As a personal fitness inspiration story from me to you, here’s how I prepared for a full marathon (in only three months).
In October 2014, I ran the Toronto Scotiabank Waterfront Marathon, Full Marathon. This was my first full marathon and it was exhilarating to say the least. I’d always been a runner, and it has always been a passion of mine, but how to prepare for a marathon and actually run 42.2 kilometres, I couldn’t tell you. I don’t think I had even run a half-marathon at that point either, but I was determined to do it.
I remember back to when I signed up to compete and physically run in the marathon in July 2014, only three months prior to the race. I had a timeframe of only twelve weeks to prepare and train for the marathon, with no prior long distance training (to that extent) – the longest and furthest I had ran before then was 15 kilometres in an hour and 22 minutes. That was my max!
So in order to be ready for the full 42.2km that I set out to run, I gave myself five areas to focus on to make sure I’d be fully prepared to run the marathon. I’ve got them all for you here and I hope they inspire you in learning more on how to prepare for a marathon and to actually get out there and train. Trust me, if I can do it, having once weighed over 240 pounds, you can do it, too!
1. Full-body strength and resistance training.
I generally am not a fan of strength training, I really do prefer cardio (as most runners do). But as much as I crave my dose of runner’s high, cardio alone isn’t enough to fully prepare you for a marathon in my opinion. Not only my leg muscles, but my core and upper body all needed to be properly trained and toned. It’s important to have lean muscle mass to help burn calories and shed unneeded fat in those areas. The more toned, sculpted and lean your core is, the more control you have over the rest of your body, and this is paramount for a long distance run. The entire body needs to full supported during the run.
So I hit the gym, 3 days a week and focused only on strength training for those days. Things like weighted squats, weighted lunges, core/abdominal training along with bench and lateral pulldowns.
2. Long distance training.
This one is key. If your body is signed up to RUN for 42km, it needs to FEEL like it can run 42km. It’s recommended to run long distance runs every 7-10 days for months before a marathon, to get your leg muscles accustomed to supporting the rest of your body on the big day. So every Sunday from July to October, I would push myself to my furthest possible limit. I wouldn’t focus on how much time it would take me, I would only focus on pushing myself to my furthest. When I started, my furthest distance was 15km, so each week I set out to add an extra 3km to my max.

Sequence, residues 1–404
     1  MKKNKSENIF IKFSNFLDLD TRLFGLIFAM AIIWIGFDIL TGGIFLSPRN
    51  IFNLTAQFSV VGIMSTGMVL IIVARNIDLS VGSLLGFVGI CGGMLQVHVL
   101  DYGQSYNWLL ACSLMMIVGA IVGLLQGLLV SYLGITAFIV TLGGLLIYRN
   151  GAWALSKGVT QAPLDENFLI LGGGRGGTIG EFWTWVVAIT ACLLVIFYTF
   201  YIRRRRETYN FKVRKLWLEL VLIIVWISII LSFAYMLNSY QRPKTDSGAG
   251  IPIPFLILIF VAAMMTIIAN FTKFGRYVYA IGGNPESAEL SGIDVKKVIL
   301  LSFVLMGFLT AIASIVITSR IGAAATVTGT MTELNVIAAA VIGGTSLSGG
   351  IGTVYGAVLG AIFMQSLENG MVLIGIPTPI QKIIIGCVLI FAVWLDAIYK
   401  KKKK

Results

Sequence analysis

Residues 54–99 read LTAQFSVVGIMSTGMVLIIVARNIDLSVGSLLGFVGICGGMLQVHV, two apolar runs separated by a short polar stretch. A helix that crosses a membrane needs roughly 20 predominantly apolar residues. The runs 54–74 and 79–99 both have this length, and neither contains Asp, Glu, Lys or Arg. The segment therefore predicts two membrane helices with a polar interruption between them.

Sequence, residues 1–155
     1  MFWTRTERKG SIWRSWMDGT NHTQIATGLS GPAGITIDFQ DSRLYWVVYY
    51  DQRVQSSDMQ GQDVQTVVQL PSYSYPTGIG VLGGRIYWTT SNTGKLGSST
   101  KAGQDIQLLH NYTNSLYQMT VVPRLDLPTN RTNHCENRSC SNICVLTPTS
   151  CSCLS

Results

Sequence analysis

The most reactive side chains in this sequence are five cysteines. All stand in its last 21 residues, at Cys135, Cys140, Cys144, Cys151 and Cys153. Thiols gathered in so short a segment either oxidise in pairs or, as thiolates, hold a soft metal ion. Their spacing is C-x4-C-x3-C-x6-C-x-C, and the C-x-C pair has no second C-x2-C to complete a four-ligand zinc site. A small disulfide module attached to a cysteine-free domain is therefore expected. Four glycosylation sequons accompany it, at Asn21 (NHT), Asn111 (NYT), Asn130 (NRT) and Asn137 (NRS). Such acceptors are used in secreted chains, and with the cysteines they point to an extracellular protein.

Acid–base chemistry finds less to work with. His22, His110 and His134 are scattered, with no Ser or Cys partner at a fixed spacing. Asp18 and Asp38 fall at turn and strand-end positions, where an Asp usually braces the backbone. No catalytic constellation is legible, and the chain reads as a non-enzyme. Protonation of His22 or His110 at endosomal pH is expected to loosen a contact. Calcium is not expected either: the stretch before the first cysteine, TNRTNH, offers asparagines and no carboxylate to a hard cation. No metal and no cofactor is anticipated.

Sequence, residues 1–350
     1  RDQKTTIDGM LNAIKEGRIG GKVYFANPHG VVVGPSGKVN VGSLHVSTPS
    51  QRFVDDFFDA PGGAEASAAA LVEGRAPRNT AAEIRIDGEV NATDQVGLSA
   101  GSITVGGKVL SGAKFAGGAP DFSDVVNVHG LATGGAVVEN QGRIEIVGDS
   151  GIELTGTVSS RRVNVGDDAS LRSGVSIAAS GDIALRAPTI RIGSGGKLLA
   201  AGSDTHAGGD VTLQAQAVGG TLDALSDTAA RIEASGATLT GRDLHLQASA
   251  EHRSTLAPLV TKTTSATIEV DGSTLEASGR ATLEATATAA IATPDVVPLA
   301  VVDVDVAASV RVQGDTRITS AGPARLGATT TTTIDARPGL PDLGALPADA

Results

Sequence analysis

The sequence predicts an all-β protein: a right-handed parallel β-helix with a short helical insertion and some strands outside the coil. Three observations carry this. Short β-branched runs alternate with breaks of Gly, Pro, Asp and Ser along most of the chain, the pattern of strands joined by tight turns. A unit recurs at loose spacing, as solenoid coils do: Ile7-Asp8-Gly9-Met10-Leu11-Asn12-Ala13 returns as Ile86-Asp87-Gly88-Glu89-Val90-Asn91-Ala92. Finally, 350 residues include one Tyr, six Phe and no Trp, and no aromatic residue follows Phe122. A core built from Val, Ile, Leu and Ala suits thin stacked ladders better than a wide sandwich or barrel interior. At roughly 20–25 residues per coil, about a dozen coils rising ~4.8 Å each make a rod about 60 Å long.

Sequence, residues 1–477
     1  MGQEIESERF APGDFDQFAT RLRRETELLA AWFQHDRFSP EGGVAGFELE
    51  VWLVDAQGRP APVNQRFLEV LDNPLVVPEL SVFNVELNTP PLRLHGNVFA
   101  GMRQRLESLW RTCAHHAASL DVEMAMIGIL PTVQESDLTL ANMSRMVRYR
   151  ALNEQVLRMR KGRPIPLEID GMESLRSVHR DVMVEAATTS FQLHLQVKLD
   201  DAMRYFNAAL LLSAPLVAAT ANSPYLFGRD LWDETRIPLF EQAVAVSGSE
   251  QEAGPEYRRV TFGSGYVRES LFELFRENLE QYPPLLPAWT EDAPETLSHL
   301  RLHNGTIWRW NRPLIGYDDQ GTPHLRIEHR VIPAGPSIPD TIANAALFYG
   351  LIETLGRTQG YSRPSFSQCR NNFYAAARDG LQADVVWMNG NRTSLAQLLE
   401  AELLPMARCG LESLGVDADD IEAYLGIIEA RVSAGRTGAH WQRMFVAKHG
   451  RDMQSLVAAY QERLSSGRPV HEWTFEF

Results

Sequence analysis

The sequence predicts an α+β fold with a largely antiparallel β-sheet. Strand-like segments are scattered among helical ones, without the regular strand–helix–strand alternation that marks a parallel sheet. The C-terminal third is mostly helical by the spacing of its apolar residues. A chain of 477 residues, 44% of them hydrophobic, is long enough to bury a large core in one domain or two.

3. A tight nutrition plan.
I literally cannot adequately stress the importance of a robust nutrition plan when you’re learning how to train and how to prepare for a marathon. The better (aka the healthier) the foods you put into your body, the better your body will perform. Plain and simple. It really comes back to basics here, a balanced amount of protein, carbs and greens for all meals, protein with every meal, fruits that help burn fat like blueberries, apples, pears… etc. and a generous amount of cruciferous vegetables. I remember eating a banana pre and post workouts every time I pushed my long distance training limit, they’re great for rebuilding and nurturing your muscles.
4. Speed interval training.
I didn’t focus too much of my efforts on this one as I wasn’t interested in winning, being in the top percentile or being the fastest runner in the race. My goal was simply to complete a full marathon. That being said, speed interval training and the required effort it takes from your muscles, DOES help your overall performance in reaching your long distance goals. With bursts of speed dispersed throughout a regular long distance run, your leg and core muscles are actually becoming stronger and better suited to support the rest of your body. You’ll be able to run longer distances, improve your overall time and have your muscles recoup quicker post-workouts.
5. A post-workout refuelling plan.
When learning how to prepare for a marathon, you have to first learn how to refuel after a marathon. I know, it sounds counter-intuitive but it’s true. It’s so important to know how to properly recharge and re-nurture your body after a huge strain on your muscles that a marathon naturally brings. Running long distances is a stress on your body, and your body will react to it like it would any other stress. In exerting workouts, especially long distance running, you don’t just lose sweat, your body loses a lot of electrolytes and it’s natural minerals and salts. The best way I found to refuel after a straining workout was a litre of coconut water (personal fav of mine is Jax Coco), a banana and a protein shake (I generally prefer plant-based protein options like Vega).
That’s all there really is to it, but by no means was it a cinch. I exerted myself every week, pushed my boundaries and a stuck to a nutrition and regular workout regimen that I never imagined I’d be able to stick to, but I was determined. I had gotten the idea in my head that that year I wanted to run a full marathon, just like many others had done in the past, so I said why not me? So now, why not you? Now that you know how to prepare for a marathon, are you up for the challenge?
Nick Joly | Inspired by Nick
be good to your body